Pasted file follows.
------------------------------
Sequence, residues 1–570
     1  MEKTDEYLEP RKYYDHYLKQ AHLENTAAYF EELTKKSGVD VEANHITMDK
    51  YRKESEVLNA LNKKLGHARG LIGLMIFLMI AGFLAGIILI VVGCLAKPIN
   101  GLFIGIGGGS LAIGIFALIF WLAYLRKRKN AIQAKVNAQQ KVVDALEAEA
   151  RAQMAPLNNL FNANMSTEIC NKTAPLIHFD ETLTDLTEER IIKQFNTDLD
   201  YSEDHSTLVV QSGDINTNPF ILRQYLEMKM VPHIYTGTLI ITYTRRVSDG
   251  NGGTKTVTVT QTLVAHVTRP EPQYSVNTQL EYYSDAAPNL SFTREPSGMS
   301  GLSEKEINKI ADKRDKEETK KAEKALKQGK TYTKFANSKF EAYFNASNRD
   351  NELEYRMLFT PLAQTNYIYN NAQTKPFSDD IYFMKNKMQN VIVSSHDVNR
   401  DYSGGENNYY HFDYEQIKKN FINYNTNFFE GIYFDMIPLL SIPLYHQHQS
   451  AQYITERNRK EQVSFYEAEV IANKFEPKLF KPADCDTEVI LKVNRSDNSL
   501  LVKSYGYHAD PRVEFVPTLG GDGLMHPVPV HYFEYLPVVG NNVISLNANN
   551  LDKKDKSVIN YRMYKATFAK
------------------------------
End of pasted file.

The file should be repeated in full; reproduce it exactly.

Sequence, residues 1–570
     1  MEKTDEYLEP RKYYDHYLKQ AHLENTAAYF EELTKKSGVD VEANHITMDK
    51  YRKESEVLNA LNKKLGHARG LIGLMIFLMI AGFLAGIILI VVGCLAKPIN
   101  GLFIGIGGGS LAIGIFALIF WLAYLRKRKN AIQAKVNAQQ KVVDALEAEA
   151  RAQMAPLNNL FNANMSTEIC NKTAPLIHFD ETLTDLTEER IIKQFNTDLD
   201  YSEDHSTLVV QSGDINTNPF ILRQYLEMKM VPHIYTGTLI ITYTRRVSDG
   251  NGGTKTVTVT QTLVAHVTRP EPQYSVNTQL EYYSDAAPNL SFTREPSGMS
   301  GLSEKEINKI ADKRDKEETK KAEKALKQGK TYTKFANSKF EAYFNASNRD
   351  NELEYRMLFT PLAQTNYIYN NAQTKPFSDD IYFMKNKMQN VIVSSHDVNR
   401  DYSGGENNYY HFDYEQIKKN FINYNTNFFE GIYFDMIPLL SIPLYHQHQS
   451  AQYITERNRK EQVSFYEAEV IANKFEPKLF KPADCDTEVI LKVNRSDNSL
   501  LVKSYGYHAD PRVEFVPTLG GDGLMHPVPV HYFEYLPVVG NNVISLNANN
   551  LDKKDKSVIN YRMYKATFAK